The main requirement - and this is key - is that the person doing this cannot be from a rather extensive list of countries that this casino bans. Obviously the US is on that list, but the UK and at least half or more than half of Europe is on the prohibited list too. It's quite the surprisingly long list of excluded countries actually. One particularly notable exception not on the list is Canada, so if you're a Canadian citizen this is a great way for you to earn $100 relatively quickly. The full list of excluded countries can be viewed at https://crypto.games/terms.
I'm paying $100 for this because I understand that although in the end this isn't really making you run any risk of any sort (the account you're verifying for me is a casino account, not a cryptocurrency exchange account, so I don't really see much way that I could misuse the account or take advantage of this at all), it's still asking a lot more of you than a standard phone verification would be, so I have no problem making it worth your time. The site seems to be doing this simply to enforce country and age restrictions. It's definitely not tax related, because at no point do they ask for an SSN or other such tax ID number, and everything tax related is tracked through those sorts of numbers, not tied to a driver's license and passport. If you have any questions let me know. The $100 would be payable just about any way you want - PayPal works fine, BTC or honestly literally any other altcoin of your choosing is fine too - as long as I don't have to sign up for a new account somewhere in order to pay you then that payment method is available for you to request, so just let me know how you'd prefer to handle that part of things and chances are we can do it that way. Thanks for taking the time to read this unfortunately long explanation; hopefully someone will come along who's willing to help me clear this hurdle easily!
submitted by poisehappy to phoneverification [link] [comments]

QUADRIGA 2.0 = COINBERRY?

TL;DR- A "Canadian" crypto exchange has been blowing off customers while their accounts and funds are frozen. Their company isn't trading in Canada, their PR hlooks grandiose but in fact isn't impressive at all, and they are now lying to customers about the reason for the delays.
FULL BREAKDOWN
Coinberry uses "trusted by the Canadian Government" as their main call-to-action and as leverage to gain your business due to their partnership with two municipalities (Richmond Hill and Innisfil township) Townships are NOT part of the Canadian Federal Government, they are municipalities. Municipalities are autonomous. The Canadian federal government and LOCAL government aren't the same thing, that is fraudulent representation.
The mayor of Innisfil has been known to accept gifts from companies trying to get in his favour. Only 5% of CANADIANS- not Innisfil residents, hold cryptocurrency. So, in a town of 36K people, where the majority of the population is 50+ in age, how many are likely to hold bitcoin? Coinberry is the only one benefiting from this; they get to say they've partnered with a township, and if anyone actually wanted to pay property tax in Bitcoin then they need to sign up with Coinberry.
The special information package tells Innisfil residents that "Coinberry has fully supportive, transparent and CDIC insured segregated banking in Canada (page 2/26) A quick Google search will tell you that's false - the CDIC does NOT cover digital currencies as of April 30th, 2020. The document linked stating this was made in 2019. How much did this mayor get paid to lie to his citizens?! I doubt he'd do it for free.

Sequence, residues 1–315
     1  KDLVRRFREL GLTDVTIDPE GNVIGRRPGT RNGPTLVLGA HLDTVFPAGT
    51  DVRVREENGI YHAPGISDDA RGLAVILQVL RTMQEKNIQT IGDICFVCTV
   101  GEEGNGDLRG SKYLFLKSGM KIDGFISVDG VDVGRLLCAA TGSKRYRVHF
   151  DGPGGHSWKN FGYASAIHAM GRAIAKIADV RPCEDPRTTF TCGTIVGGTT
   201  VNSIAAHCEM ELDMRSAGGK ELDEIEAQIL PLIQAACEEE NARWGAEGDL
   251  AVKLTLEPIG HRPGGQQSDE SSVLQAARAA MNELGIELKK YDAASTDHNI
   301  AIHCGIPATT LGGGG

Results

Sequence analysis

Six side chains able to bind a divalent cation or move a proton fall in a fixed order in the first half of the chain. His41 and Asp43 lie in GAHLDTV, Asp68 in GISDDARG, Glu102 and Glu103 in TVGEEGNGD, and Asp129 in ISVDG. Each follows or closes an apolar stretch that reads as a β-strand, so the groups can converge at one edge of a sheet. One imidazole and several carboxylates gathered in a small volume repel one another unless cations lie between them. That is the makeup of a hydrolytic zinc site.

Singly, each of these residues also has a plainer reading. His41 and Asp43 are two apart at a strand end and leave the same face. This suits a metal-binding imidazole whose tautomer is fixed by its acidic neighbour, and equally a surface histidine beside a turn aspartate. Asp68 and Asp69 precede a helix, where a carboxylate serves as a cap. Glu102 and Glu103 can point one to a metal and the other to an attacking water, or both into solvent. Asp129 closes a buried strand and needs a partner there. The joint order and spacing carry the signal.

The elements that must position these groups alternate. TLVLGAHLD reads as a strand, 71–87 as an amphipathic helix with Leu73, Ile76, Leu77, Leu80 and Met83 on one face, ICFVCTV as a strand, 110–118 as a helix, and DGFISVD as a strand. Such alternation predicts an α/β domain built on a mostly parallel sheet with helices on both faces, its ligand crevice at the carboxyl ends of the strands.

They leverage being PIPEDA compliant, yet all you need is a self assessment tool. It's based on opinion, yet it's their first selling point. It's a garbage selling point that gives false confidence to potential clients.
FINTRAC REGISTRY AND THEIR SHELL COMPANY IN MALTA
They claim to be the only FINTRAC registered company. Nope. A quick search of other crypto exchanges in the FINTRAC lookup proves that claim wrong: https://www10.fintrac-canafe.gc.ca/msb-esm/public/msb-search/search-by-name/
Their privacy policy mentions a parent company. Their parent company is listed on FINTRAC as CB INTERNATIONAL LIMITED, and is based in Malta. For those of you who aren't aware, Malta is well known for being the best place to set up shell companies in order to avoid taxes and protect CEOs from lawsuits after "their" money. This was NOT the case for Kraken, Newton or Shakepay. Only Coinberry feels they need a shell company in another country.
They have 4 companies listed, all Coinberry. All 4 listings show Coinberrys agent activities listed as money transferring, and 2 of them are listed as agents of CB INTERNATIONAL LIMITED (the parent company). This parent company is located in Malta and has listed its activities as foreign exchange and money transferring. This means all of the exchanges happening are actually happening in MALTA not Canada.
They seem to be the only exchange (with Canadian HQ) doing this: Kraken, Newton and Shakepay list their agent activities as foreign exchange dealing, and all are registered IN CANADA. This implies your money is also staying in Canada on their platforms.
Where there is smoke, there is fire.
edit: added a TL;DR, took out unnecessary sentences, cleaned up wording. I was pissed when I wrote this. I just want to see Coinberry suits come clean about the delays. Tell people why you can't get their money back as soon as you said you would, because this only making crypto even scarier for new adopters.
submitted by cosmicariel to Scams [link] [comments]

How to Make $$ of Bitcoin Halving

Last time I threw somethin up here ya ghosted. I ain't gon trip but hope this wake some ya up.
Bitcoin, however you feel about it (I say imperfect but better than fiat) is halving. If you don't have a coinbase or tzero wallet you can still get a bag.
Robinhood Bitcoin Stocks:
RIOT -